Senate Bill 33, and other news

Hi Aubrey and All,

1. Senate Bill 33

I finally had a chance to go over the tons of informational material received at the Bay Area Coalition meeting Aubrey and I attended on March 15. There is so much liberty-killing stuff going on, it is frightening. But, I believe nothing reaches the level of barefaced affront than California Senate Bill 33. This bill, as Aubrey will recall, was mentioned at the meeting a the "back up bill should SB1 not make it into law." The text of the bill goes on for miles, but the crucial item in it seems to be that voters are summarily relieved of their burden to approve infrastructure bonds. Well, we may not have to worry about Phil and Aubrey having to face the liberals in the future to discuss these bonds.

Although we are the San Francisco LP and need to focus on City events, I feel that regionalism has obliterated city lines to the extent that most of the legislation that will seriously affect San Franciscans will be those emanating from the California senate and assembly aiming at drastically changing what needs to be voted on, who makes decisions on what, whose property is placed in peril, etc.

An example of what needs to be done to counter this trend might be the Silicon Valley Taxpayers Association's work on acquainting themselves with legislation and working to defeat the really bad proposals. We at LPSF don't have enough activists willing to participate in such tedious work, but maybe we should make an effort to attract some.

Here is a link to the text of the bill. If the link does not work for you, just Google California SB33.
Here is the wording regarding the elimination of voter participation:

  This bill would revise and recast the
provisions governing

financing districts. The bill would eliminate the

of voter approval for creation of the district and for

issuance, and would authorize the legislative body to create the

subject to specified procedures. The bill would instead

a newly created public financing authority, consisting of 5

3 of whom are members of the city council or board of

that established the district, and 2 of whom are members

the public, to adopt the infrastructure financing plan, subject to

by the legislative body, and issue bonds by majority vote

the authority by resolution. The bill would authorize a public

authority to enter into joint powers agreements with

taxing entities with regard to nontaxing authority or powers

2. Michael Stogner, Libertarian running for San Mateo Board of Superviso: Maybe we should include in our Elections recommendations Libertarians running in nearby counties. San Mateo LP is planning to work hard on Stogner's campaign.

3. And Kevin, VC of San Mateo LP, is interested in the idea Aubrey tried a few months back to get the LP counties in the Bay Area together to exchange strategy plans, etc. He is thinking of a first meeting somewhere in Alameda at a restaurant with a back room, within walking distance from a BART station. Any one know of a good place to recommend?


Hi Marcy! Thanks for bringing these issues up. Especially from our coalition work, I have taken an interest in the state propositions. Until such time that the statists and regionalists have the power to make all the decisions for us, one thing we can do is perhaps put up an argument or two against some of the bad state propositions coming up in November. (This is something the state LP should be doing, but if we wait for them to do it, nothing will be done. I will bring up the issue at the state convention this week-end.) Anyway I did a little research on how the state ballot argument system works for our coalition but didn't get a chance to talk about it at our last meeting. The deadline is much earlier than our SF deadline (was early Feb for the June election and will be July 8 for the November election). As always, the pecking order is the author of the ballot measure (often the legislators) first, then bona fide citizen groups, and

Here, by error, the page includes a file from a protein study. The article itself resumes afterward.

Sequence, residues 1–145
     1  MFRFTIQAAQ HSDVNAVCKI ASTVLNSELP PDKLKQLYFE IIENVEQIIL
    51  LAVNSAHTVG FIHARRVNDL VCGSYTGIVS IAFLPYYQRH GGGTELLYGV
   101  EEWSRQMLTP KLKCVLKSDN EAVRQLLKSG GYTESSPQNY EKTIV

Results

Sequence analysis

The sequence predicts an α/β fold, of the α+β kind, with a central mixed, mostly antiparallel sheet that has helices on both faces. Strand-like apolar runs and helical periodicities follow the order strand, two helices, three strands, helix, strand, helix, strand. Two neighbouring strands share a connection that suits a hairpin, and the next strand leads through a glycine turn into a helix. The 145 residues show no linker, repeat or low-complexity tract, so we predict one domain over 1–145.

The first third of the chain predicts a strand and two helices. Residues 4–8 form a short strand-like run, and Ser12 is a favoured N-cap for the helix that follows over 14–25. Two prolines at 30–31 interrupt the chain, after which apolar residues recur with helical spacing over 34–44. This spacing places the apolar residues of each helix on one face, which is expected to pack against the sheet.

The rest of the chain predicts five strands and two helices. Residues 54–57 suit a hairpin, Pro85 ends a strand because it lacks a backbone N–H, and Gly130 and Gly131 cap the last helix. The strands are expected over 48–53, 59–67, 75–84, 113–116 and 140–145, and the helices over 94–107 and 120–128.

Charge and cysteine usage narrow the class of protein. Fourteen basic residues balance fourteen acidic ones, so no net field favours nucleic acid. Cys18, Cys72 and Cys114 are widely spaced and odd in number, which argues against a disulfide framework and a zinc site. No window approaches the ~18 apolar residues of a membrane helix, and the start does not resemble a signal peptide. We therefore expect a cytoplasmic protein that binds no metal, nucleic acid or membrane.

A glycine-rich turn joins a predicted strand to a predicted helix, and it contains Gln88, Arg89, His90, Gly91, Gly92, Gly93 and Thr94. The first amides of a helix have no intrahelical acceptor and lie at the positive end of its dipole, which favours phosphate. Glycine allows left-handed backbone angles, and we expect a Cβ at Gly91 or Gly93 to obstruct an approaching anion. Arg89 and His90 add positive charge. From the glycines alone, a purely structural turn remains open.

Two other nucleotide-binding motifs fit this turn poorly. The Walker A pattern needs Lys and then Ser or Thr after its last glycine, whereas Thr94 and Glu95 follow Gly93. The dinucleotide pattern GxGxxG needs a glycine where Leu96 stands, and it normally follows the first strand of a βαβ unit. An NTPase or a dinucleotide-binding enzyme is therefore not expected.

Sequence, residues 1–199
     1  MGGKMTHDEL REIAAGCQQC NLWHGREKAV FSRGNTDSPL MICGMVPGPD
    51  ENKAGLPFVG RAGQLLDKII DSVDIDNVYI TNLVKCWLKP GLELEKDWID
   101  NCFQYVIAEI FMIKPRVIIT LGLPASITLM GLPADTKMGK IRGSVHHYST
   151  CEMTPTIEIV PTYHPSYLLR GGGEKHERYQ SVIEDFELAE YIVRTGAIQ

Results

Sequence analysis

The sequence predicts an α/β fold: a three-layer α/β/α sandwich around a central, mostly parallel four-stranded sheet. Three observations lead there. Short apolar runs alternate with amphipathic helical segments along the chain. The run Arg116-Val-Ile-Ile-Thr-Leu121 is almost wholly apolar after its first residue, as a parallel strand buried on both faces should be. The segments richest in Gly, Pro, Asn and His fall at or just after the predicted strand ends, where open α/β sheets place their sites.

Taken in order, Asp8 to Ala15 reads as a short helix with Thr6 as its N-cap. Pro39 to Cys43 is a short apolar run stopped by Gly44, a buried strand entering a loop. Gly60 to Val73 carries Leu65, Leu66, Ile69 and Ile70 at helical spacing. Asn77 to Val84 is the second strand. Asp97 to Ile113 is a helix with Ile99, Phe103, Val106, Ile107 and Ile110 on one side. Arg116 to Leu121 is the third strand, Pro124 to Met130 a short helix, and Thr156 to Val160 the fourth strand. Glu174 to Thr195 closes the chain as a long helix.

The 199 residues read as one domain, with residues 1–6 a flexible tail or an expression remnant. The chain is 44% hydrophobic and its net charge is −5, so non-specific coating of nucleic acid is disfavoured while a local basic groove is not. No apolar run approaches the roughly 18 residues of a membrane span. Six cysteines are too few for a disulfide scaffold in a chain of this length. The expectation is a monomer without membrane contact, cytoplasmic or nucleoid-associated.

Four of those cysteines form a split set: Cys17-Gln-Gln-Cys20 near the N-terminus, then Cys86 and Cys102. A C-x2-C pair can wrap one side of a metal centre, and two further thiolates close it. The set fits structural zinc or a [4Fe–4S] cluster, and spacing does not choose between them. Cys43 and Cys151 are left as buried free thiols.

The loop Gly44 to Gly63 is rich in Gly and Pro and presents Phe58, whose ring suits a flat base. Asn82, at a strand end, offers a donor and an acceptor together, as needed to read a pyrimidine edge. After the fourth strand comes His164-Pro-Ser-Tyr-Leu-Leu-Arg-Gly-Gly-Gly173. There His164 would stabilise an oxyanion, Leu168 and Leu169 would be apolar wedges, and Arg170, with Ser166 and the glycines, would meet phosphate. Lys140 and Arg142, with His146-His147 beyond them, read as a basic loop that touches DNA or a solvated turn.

individuals last. No need to do any of our shenanigans of submitting 25-40 arguments, since only one argument is accepted. Here's the kicker--and it's a doozie: in the case of multiple arguments by bona fide citizen groups, forget the lottery--it's "at the discretion of the Secretary of State" to pick which one goes in the Voters Informational Pamphlet. I asked the aide who I spoke to what "at the discretion of" means and she could not elaborate. What a recipe for the abuse of power! (Hark, do I hear Starchild calling?) At any rate, this is an area that we could expand in to, if no else does the work. I read Prop 41 about homelessness and the veterans for the June election, and the argument against it was strange at best, and we could definitely have presented a better case against moving funds from a government program that apparently no one used into more government bureaucracy.

As for Michael Stogner, Libertarians running for office are few and far between, and we should mention him (and any other locals L's running) in our website. I may give a hand in his campaign, if time allows.

While my efforts to pull the local LP chapters together failed last year, I'm happy to work with new and gungho LP activist Kevin from San Mateo to try to make it happen this year.


Hi Aubrey,

Yes, state legislation is now important for us to pay attention to, since proliferating regionalism is beginning to make events at the City level irrelevant. Ballot arguments are definitely a tool to counter the really egregious proposals.

I am also wondering whether the real threat is coming from legislation, as opposed to initiatives. By real threat I mean legislation that implements mechanisms to accomplish a very wide range of events, and the accompanying financing, without any need for voter approval. Senate Bills 1 and 33 are examples of what I mean. If so, we might want to put some effort into bad mouthing the authors of such legislation, as well as the legislation itself.